A parade of major banks marched the prime lending rate up to 8 3/4 percent yesterday, following the lead of Citibank, which initiated the latest quarter-point rise in the closely watched interest rate.
The move depressed both the stock and bond markets which in recent days have worried about a possible credit crunch later this year or early in 1979 as interest rates continue to rise.
The last time the prime stood at 8 3/4 percent was in February 1975.
The latest increase comes three weeks after the last 1/4 point hike in the prime got underway, and six weeks after the previous increase. The prime started the year at 8 percent and stayed there until late April.
Citibank is the second largest bank in the country and sets its prime rate based on a formula of 1 1/4 percent above the three-week moving average for 90-day commercial paper.
But a Citibank spokesman admitted that, under this calculation, the bank was 0.02 percent shy of another required increase. "But when the trend is clearly evident, we go ahead anyway," he explained,
If Citibank had not moved, other banks clearly would have. Within a few hours of Citibank's increase, several dozen sizeable increase, including Chase Manhattan, Chemical, Manufacturers Hanover, and Morgan Guaranty, all of New York; Pittsburgh National. First National Bank of Houston, the Bank of St. Louis and, in California, Bank of America, and Security Pacific.
The banks cited rising short-term rates and continued strong loan demand for the latest increase.
The sharply rising prime is beginning to be reminiscent of the rapid series of hikes in 1974 when the prime rate - which banks charge their best corporate customers for short-term loans - was finally pushed to an all time high of 12 percent.
But while some concern has recently been expressed about an impending crunch - when rates soar out of control and some borrowers get turned away because the demand for funds exceeds the available supply - most analysts say that there is adequate liquidity in the banking system and that no crunch is in the cards unless the Federal Reserve Board slams down hard on growth in the money supply.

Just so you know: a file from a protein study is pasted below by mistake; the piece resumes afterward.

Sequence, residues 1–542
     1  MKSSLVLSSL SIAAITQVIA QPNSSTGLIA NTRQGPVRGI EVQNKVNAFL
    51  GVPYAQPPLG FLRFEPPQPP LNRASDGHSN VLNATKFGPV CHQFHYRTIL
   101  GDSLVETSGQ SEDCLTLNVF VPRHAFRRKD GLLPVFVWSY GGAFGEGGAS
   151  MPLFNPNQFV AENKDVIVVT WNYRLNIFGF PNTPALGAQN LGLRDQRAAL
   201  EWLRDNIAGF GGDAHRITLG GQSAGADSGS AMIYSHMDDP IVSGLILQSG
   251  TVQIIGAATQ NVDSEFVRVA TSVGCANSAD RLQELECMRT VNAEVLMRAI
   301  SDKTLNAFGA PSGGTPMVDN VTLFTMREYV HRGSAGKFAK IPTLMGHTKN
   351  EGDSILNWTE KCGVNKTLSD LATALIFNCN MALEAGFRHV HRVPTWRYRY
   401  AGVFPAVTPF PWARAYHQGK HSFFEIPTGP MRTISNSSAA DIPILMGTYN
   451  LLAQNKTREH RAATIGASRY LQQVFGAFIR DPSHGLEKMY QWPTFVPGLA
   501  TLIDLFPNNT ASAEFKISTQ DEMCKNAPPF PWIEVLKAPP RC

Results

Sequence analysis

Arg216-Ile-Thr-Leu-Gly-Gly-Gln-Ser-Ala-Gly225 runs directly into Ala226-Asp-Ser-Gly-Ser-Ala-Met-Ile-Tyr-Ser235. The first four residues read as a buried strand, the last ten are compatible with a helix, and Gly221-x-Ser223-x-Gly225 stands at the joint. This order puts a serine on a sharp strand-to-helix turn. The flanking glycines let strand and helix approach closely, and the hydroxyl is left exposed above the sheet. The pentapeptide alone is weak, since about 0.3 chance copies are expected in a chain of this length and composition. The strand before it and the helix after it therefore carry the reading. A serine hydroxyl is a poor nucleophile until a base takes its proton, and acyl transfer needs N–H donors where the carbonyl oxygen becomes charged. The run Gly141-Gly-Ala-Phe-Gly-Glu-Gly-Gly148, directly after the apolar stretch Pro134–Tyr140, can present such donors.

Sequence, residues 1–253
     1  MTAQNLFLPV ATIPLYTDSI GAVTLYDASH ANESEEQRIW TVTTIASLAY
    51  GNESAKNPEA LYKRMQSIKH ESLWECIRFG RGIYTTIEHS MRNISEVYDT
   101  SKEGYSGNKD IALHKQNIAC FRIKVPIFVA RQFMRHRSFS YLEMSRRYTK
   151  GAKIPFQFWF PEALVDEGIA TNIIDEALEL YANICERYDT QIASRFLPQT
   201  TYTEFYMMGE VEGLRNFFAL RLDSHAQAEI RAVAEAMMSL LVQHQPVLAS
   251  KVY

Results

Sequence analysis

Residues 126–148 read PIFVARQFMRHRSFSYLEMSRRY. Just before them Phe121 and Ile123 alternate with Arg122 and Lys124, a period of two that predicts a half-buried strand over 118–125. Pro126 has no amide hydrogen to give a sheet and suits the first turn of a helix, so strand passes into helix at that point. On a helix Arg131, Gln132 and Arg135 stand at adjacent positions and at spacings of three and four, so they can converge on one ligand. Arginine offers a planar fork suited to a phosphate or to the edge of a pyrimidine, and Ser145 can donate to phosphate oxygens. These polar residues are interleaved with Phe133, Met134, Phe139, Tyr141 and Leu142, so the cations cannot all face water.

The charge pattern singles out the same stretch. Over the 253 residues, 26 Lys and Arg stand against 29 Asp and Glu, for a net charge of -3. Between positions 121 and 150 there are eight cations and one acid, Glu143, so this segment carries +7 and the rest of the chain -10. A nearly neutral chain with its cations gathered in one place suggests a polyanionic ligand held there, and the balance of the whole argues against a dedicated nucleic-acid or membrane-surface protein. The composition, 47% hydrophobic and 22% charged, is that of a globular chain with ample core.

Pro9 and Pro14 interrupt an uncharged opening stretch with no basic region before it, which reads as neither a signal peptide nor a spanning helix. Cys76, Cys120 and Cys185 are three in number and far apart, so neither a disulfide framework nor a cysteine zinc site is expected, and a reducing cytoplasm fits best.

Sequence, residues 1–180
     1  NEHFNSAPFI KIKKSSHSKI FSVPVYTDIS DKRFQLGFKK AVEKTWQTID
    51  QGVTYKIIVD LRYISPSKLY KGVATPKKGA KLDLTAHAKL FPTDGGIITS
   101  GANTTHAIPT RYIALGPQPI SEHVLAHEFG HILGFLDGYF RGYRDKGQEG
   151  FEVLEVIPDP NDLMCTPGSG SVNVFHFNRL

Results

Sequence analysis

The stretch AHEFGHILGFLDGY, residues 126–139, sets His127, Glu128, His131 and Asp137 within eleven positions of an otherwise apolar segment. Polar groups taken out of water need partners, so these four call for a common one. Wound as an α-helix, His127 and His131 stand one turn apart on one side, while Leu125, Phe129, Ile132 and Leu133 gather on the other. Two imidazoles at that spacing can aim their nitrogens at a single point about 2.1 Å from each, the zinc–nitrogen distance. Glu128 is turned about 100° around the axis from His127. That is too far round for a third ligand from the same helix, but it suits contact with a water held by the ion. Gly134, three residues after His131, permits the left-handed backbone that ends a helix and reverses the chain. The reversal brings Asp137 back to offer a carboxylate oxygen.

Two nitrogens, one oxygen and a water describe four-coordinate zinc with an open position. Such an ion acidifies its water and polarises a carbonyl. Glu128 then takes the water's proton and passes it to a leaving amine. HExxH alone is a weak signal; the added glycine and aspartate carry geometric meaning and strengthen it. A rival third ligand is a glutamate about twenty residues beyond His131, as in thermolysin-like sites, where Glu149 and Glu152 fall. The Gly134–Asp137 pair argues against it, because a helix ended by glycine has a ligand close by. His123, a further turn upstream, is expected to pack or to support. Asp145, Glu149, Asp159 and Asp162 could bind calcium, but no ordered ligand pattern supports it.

Most predictions are that the prime will not exceed 10 percent in this interest rate cycle, with the peak coming either in the fourth quarter of 1978 or early in 1979.
There was some expectations yesterday that the Fed would move to raise short-term interest rates another notch following the latest money supply report on Thursday which showed no decline, following a near-record one week spurt.
But the Fed, in its market activities, acted to bring downward pressure on the federal funds rate, which it uses as a benchmark for its money market operations, and seemed to indicate it was maintaining the 7 1/2 percent target on the key short-term rate for the time being.
There are, however, predictions that when the federal open market committee meets next Tuesday to evaluate monetary policy, another tightening move will result.
Solomon Brothers, in its weekly report on conditions in the credit markets, said the rate of bank credit expansion so far this year was setting a "worrisome pace." It noted that the seasonally adjusted annual rate of growth for credit during the first five months of 1978 has been about 13 percent, nearly 40 percent larger than the same period last year.
It also noted that "for the first time this year, short money rates have risen to and even above the prevailing federal funds rate."
"To a large extent, this tightening of money market conditions up to and above the fund rate is one indication of the strong and increasing fundamental demand for short-term funds and it will probably contribute to further increases in the funds rate," the analysis said.